Review Posted Online: Jan. 2, 2020

Kirkus Reviews Issue: Feb. 1, 2020

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Gates offers a persuasive, 30,000-foot view of a global problem that, he insists, can be prevented given will and money.

HOW TO PREVENT THE NEXT PANDEMIC

The tech mogul recounts the health care–related dimensions of his foundation in what amounts to a long policy paper.

“Outbreaks are inevitable, but pandemics are optional.” Thus states the epidemiologist Larry Brilliant, a Gates adviser, who hits on a critically important point: Disease is a fact of nature, but a pandemic is a political creation of a kind. Therefore, there are political as well as medical solutions that can enlist governments as well as scientists to contain outbreaks and make sure they don’t explode into global disasters. One critical element, Gates writes, is to alleviate the gap between high- and low-income countries, the latter of which suffer disproportionately from outbreaks. Another is to convince governments to ramp up production of vaccines that are “universal”—i.e., applicable to an existing range of disease agents, especially respiratory pathogens such as coronaviruses and flus—to prepare the world’s populations for the inevitable. “Doing the right thing early pays huge dividends later,” writes Gates. Even though doing the right thing is often expensive, the author urges that it’s a wise investment and one that has never been attempted—e.g., developing a “global corps” of scientists and aid workers “whose job is to wake up every day thinking about diseases that could kill huge numbers of people.” To those who object that such things are easier said than done, Gates counters that the development of the current range of Covid vaccines was improbably fast, taking a third of the time that would normally have been required. At the same time, the author examines some of the social changes that came about through the pandemic, including the “new normal” of distance working and learning—both of which, he urges, stand to be improved but need not be abandoned.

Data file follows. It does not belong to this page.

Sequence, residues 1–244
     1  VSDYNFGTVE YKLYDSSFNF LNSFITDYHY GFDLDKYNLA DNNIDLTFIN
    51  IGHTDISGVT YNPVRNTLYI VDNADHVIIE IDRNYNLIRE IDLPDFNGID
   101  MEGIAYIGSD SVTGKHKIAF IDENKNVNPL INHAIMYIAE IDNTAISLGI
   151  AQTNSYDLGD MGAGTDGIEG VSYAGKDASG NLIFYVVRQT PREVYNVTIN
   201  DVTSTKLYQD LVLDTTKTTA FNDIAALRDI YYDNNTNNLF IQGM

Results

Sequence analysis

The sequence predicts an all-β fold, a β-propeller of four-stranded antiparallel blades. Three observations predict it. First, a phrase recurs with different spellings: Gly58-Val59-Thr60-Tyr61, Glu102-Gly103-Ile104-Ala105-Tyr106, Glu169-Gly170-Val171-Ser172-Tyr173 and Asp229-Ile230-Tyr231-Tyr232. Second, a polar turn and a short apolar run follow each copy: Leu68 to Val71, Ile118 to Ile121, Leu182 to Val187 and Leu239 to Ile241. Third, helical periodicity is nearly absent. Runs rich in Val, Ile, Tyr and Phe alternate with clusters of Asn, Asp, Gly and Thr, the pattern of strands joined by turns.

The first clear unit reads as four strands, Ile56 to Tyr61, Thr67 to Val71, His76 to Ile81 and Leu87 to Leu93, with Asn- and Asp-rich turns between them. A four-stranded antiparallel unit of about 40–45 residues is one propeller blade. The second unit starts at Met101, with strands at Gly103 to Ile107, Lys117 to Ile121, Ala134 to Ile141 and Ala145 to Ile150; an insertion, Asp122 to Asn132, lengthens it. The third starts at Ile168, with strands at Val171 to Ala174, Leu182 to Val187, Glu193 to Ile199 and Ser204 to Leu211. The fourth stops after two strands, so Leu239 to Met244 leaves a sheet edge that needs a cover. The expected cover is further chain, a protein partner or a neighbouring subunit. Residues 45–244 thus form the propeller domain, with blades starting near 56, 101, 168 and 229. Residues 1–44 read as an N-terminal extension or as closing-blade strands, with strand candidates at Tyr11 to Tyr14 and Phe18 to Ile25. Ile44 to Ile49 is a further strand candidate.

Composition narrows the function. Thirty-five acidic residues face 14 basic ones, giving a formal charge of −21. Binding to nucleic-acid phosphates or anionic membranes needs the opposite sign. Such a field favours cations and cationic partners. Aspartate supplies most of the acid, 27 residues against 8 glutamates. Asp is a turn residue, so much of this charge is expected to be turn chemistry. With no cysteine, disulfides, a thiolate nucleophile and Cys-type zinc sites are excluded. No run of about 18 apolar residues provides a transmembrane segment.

Gates offers a persuasive, 30,000-foot view of a global problem that, he insists, can be prevented given will and money.

Pub Date: May 3, 2022

ISBN: 978-0-593-53448-9

Page Count: 304

Publisher: Knopf

Review Posted Online: April 13, 2022

Kirkus Reviews Issue: May 1, 2022